How to talk to a student you suspect of alcohol/drug use

September 3, 2015

Around 74% of Australian secondary school students have tried alcohol at least once before they turn 17.[1] 2011 Australian Secondary Students’ Alcohol and Drug (ASSAD) Survey  Illicit drug use is less common with 2-3% reporting using drugs such as cocaine, ecstasy, amphetamines or heroin.[2] White, V & Bariola, E (December 2012). Australian secondary school students’ use of tobacco, alcohol, and over-the counter and illicit … Continue reading However research indicates that adolescents, like adults, tend to underreport illicit drug use.[3] Delaney-Black V, Chiodo LM, Hannigan JH, Greenwald MK, Janisse J, Patterson G, Huestis MA, Ager J, Sokol RJ. (2012). Just say “I … Continue reading Helping students who drink school

While the majority of alcohol and drug consumption tends to occur outside school hours, the consequences can often be seen at school.[4] McNeilage, A. (2014). Teachers deal with students’ drug and alcohol abuse, report says. Sydney Morning Herald   … Continue reading Students who drink alcohol or take drugs are more likely to be late, tired, disruptive, or fail to attend school.[ref] Survey of secondary school principals on the use of alcohol and other drugs in schools. A report prepared for the Australian National Council on Drugs, July 2013. John K See Consulting. [/ref] The impact of the student’s actions while intoxicated on the weekend such as getting into fights, being bullied, or unsafe sexual activity, can also impact on their concentration and relationships at school.

If you are concerned about a student in your class, we have included some tips below on initiating conversations about their alcohol and/or drug use. If you do not feel comfortable talking to the student, refer them to the school counselor/psychologist. Remember your number one concern is the health and safety of the student (and the student population) rather than punishment.

  • Speak with the student privately.
  • Use ‘I statements’ that state what you’ve noticed or heard. ‘I am concerned about you; you’ve been missing a lot of school and coming late over the past month. You look very tired and pretty down. Is everything okay?’ Talk about the immediate concerns, focusing on things you have observed, and ask the student how they think their current situation is impacting on their day-to-day lives. Encourage the student to identify the problem/s.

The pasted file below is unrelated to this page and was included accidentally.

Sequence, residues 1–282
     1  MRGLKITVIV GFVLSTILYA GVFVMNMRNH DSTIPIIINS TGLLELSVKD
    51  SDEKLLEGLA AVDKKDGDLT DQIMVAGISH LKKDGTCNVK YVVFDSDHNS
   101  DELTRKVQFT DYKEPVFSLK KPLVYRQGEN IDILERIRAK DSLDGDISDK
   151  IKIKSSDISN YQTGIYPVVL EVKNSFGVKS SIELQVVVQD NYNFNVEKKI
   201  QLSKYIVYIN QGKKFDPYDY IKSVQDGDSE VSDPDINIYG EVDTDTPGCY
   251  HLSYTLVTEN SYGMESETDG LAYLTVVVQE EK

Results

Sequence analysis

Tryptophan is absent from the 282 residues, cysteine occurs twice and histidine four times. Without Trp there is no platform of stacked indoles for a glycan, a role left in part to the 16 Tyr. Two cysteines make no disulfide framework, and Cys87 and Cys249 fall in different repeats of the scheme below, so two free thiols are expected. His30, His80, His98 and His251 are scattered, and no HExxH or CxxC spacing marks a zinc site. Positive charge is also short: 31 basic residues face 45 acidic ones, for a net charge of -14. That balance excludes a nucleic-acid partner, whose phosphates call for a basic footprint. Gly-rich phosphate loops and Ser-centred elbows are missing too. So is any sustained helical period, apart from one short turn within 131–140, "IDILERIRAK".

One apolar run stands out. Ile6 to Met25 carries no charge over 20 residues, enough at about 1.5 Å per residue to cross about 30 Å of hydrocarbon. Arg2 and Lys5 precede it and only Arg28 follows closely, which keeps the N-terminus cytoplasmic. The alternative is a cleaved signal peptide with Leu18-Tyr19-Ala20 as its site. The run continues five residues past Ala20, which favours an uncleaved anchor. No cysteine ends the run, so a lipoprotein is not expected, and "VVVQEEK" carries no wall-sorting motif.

• Don’t use scare tactics or ‘always’ and ‘never’ statements to try and change the student’s attitudes or knowledge about health related behaviours. Do not accuse the student of using drugs.
  • Help the student to recognise the potential for self-help or self-initiated change by asking if they have any changes planned to improve their situation. Promote optimism by saying to the student, for example, ‘I know several adolescents your age who had a bad experience. They talked it through with someone they trusted, and found ways to cope without drugs or alcohol.’ Discuss an appropriate referral such as a GP, Psychologist, or helplines such as Cannabis information and helpline, Family Drug helpline. Also see the Australian Drug Foundation as it lists support services nationally, by state and by territory.
  • Encourage the student to talk with their parents or a senior staff member such as the welfare coordinator or the deputy or assistant principal. Let them know there are other teachers or specially trained professionals who can follow up on a student disclosure or issue of concern.

Remember: If drug use is disclosed ensure you comply with your school’s drug policy, and your duty of care obligations.

Click on the link for more Behaviour support and student management strategies for students who use alcohol and/or drugs (P4S members only). Non-members can view a free sample of these resources here.

Image credit: Drink by Kjersti Magnussen January 2009 Flickr